Photographs taken by me and my friends show the deterioration over those years. Finally, at the end of the 1980s the hall was demolished, together with some of the outbuildings. Today, all that remains is a flat stretch of land which was the site of the hall, and some piles of rotting timbers and stones poking through the grass. The once closely mown lawn is a tussocky field and the tennis court is covered with trees. The footbridge that crossed over the ravine collapsed years ago, but the rhododendrons and the iron fence are still there.

Although the view over the fells to Shacklesborough remains unchanged, the Lune valley is now filled with the waters of Selset reservoir so the farms and Lune bridge have all gone. The dense conifer wood below the gamekeeper's house has been cut down but the beech trees remain. The dog kennels are still full of barking hounds of various types but there are no signs of ferrets or hutches.

Reminiscing with my school friends about Wemmergill, I have been surprised how many of them have revisited and photographed the place on many occasions over the years, testifying to the deep and lasting impression it made on our lives and to the love we all felt for the place.

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Since completing this account I discovered that Wemmergill Hall had played a significant part in the early life of John Bowes, Esq, of Streatlam, founder and builder of the Bowes Museum in Barnard Castle.

John Bowes, 1811-85, was the illegitimate son of John, 10th Earl of Strathmore,1769-1820, and Mary Millner,1787-1860, a girl from the village of Stainton near Streatlam.

According to Charles E. Hardy in 'John Bowes and the Bowes Museum,' 1970, 'Almost all the authentic information we at present possess concerning the lady in this romance comes from the record of evidence given before the House of Lords Committee for Privileges appointed in 1821 to decide the claim to the Strathmore titles, made on the one hand by James Farrer on behalf of the infant John Bowes, and on the other by John's uncle, the Right Hon. Thomas Bowes. ..'

' Mary's first association with the tenth Earl was in 1809 when, as a young woman of twenty two she was employed at Wemmergill Hall in Lunedale on the Yorkshire side of the Tees. During the hearing before the Committee of Privileges she was asked by Mr Sergeant Blosset what her employment was at the time the connection between her ladyship and the late earl began, but when her son's counsel objected to the question Mr Sergeant Blosset did not insist and curiosity remained unsatisfied.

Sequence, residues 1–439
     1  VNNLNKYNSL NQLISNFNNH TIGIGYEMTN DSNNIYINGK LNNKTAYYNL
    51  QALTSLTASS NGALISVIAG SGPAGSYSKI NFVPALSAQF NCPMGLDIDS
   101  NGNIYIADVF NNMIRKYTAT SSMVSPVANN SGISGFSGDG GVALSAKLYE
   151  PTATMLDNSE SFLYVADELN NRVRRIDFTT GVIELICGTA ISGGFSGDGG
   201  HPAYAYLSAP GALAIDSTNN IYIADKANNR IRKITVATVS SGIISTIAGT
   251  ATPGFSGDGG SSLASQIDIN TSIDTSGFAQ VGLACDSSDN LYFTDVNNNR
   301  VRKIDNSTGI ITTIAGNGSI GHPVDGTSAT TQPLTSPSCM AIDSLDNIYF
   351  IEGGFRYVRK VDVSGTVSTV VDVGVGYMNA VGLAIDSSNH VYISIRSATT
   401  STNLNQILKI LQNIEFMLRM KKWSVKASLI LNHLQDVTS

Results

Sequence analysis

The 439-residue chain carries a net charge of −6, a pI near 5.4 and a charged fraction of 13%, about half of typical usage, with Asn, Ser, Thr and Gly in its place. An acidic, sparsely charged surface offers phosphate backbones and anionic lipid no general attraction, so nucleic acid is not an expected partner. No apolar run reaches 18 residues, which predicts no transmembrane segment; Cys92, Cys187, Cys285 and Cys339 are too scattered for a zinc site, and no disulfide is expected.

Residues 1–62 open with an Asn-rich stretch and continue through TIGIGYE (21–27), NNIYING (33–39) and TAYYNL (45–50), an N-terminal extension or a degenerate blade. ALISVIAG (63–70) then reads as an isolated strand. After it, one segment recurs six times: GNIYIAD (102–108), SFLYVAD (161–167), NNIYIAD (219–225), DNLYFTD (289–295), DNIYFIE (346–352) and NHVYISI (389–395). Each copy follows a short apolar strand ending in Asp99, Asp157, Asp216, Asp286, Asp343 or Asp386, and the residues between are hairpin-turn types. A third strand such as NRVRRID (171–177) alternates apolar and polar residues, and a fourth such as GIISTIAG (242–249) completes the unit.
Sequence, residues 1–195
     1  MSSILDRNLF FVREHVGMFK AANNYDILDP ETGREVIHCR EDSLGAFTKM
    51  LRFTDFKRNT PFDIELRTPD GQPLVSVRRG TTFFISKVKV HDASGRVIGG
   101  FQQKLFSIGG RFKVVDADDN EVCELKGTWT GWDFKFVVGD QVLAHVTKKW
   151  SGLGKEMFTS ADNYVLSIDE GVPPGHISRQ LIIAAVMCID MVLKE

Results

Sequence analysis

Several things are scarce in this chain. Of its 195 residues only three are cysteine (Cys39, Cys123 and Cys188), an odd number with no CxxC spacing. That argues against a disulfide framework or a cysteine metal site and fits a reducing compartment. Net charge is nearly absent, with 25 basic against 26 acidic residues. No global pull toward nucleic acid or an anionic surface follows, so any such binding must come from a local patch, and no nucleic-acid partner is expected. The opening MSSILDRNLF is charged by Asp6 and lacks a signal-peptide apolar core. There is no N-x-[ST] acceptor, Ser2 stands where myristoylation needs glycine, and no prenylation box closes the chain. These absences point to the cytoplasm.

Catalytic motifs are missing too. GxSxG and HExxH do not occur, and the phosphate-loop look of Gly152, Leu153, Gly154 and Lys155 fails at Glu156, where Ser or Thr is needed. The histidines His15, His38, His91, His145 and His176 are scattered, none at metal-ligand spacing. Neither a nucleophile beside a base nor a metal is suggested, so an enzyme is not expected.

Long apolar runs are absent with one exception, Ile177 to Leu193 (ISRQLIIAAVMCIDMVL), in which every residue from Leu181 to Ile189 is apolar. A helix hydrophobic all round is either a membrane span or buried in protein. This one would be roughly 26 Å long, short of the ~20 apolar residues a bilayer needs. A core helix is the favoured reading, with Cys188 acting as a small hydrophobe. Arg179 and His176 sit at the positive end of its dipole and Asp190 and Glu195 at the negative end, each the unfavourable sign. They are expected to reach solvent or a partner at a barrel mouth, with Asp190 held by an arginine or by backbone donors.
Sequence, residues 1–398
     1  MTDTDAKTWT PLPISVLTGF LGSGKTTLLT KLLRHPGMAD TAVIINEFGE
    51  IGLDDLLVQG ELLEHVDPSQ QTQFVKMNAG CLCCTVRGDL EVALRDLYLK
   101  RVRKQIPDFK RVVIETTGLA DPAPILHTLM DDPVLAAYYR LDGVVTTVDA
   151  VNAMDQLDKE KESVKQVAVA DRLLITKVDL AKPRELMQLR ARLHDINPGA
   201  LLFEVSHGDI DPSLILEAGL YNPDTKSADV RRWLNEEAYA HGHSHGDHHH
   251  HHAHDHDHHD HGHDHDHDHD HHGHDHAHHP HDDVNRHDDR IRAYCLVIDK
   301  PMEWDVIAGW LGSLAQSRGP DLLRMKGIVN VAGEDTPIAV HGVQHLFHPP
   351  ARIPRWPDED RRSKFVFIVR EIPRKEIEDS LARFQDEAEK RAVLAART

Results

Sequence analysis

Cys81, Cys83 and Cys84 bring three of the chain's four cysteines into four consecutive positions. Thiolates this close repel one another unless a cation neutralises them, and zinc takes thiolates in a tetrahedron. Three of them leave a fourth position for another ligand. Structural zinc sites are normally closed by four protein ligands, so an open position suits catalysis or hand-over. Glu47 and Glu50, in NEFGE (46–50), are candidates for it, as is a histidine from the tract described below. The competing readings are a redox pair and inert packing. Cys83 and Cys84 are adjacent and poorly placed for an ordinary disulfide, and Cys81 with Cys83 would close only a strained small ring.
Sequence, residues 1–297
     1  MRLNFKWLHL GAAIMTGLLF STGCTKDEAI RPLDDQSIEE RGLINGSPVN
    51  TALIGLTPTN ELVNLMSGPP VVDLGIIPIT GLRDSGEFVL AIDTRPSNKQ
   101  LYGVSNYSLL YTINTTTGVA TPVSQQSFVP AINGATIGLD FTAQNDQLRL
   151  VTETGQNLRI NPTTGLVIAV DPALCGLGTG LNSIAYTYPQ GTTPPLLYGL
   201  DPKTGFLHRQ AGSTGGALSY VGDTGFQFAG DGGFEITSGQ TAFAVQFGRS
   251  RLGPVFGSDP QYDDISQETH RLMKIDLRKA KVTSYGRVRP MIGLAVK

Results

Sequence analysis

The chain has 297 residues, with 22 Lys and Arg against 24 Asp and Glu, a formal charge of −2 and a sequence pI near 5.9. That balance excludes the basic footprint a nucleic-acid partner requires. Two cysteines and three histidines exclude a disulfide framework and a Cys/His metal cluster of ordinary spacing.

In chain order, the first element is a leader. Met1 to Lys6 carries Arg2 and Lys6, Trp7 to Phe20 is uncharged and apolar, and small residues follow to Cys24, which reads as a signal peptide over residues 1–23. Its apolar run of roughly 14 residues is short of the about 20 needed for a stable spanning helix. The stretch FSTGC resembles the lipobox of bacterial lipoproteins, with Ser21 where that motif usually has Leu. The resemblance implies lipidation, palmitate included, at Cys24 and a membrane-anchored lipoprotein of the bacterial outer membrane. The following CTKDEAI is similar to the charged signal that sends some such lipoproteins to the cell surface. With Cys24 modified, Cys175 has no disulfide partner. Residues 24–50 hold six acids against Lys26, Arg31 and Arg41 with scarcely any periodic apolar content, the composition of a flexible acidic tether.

Early in 1811 it must have become apparent that the liaison was likely to bear fruit, and no doubt tongues began to wag in Lunedale and Teesdale, for in February the earl took his partner to London, installed her in a house in Chelsea, and through the agency of his friend, James F. Steadman of Gray's Inn, engaged a Mrs Jenkins to attend her as midwife.. About the 7th of May, the mother-to-be changed her lodgings and went to live at No.13 South Street, Chelsea, occupied by Mr & Mrs Murray with whom Mrs Jenkins was on very friendly terms. There on Wednesday 19th June John Bowes was born.' The earl had visited the house two or three times a week and 'when he came to the house soon after the child was born, he took it up in his arms, agreeing with her that the child was like him, and carried it into the next room 'to the lady'. The child was christened in the drawing room of the house on 29th June, the earl placed £10,000 in trust for 'an infant child, who is my son, or reputed son, by Mary Millner….. baptised by the name of John Bowes, son of John and Mary Millner.

The child and his parents remained in London for about a year, after which he was taken by his mother to Wemmergill Hall. In this lonely spot John Bowes spent his second year before being taken to Streatlam Castle, which for the first half of his life was 'home' to him.'

His mother lived at Streatlam with the earl as his companion and was married to him in St.George's, Hanover Square, London, on 2nd July 1820, the day before his death. Thereafter she was known as Mary, Dowager Countess of Strathmore.

The result of the claim on the titles was that the title and Scottish estates passed to the other branch of the family while John Bowes retained the English estates without a title. After his death without a son and heir the Scottish and English estates were reunited in the Bowes-Lyon family.

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Information from the Archives at the Bowes Museum.

Wemmergill Hall… from the Teesdale Mercury 8th August 1880.

'During the last few years a perfect transformation has been made in this retired place. The somewhat plain old Hall, now flanked by recent neat but picturesque erections, varied with rocks, ferns and creeping and climbing plants, has on the side facing the south a most pleasant aspect, while the level lawn in front, and the abrupt and unpromising steep towards the beck have been clad by the hand of taste in every hue of floral beauty. Close by, in the rock-bound stream and adjacent wood, nature has determined to show her supreme hand at decoration, for here not a rock, trunk of a tree or loose stone but has its crude form hidden or clothed in endless variety of moss, grass, fern and flower. The ferneries, one at the front of the Hall, under the shade ot two noble trees, and one on the slope towards the Beck, are exquisite examples of the blending of nature and art, every object that meets the eye is in harmony and marks at once the unwearied care of Mr Joseph Collinson, who has charge of all these matters as well as the extensive moors around..'

Teesdale Mercury 18th May 1887.

'Estate Improvements. Since his accession to the Streatlam and Westwick Estates the Earl of Strathmore has given ample proof of his earnestness for improvements, and the contemplated adding of a wing to Wemmergill Hall, the celebrated Lunedale hunting-box, is one of the many projects initiated by the noble owner. The building of billiard and other rooms will have the effect of modernising this residence, which is situated in close proximity to one of the very best grouse moors in England.'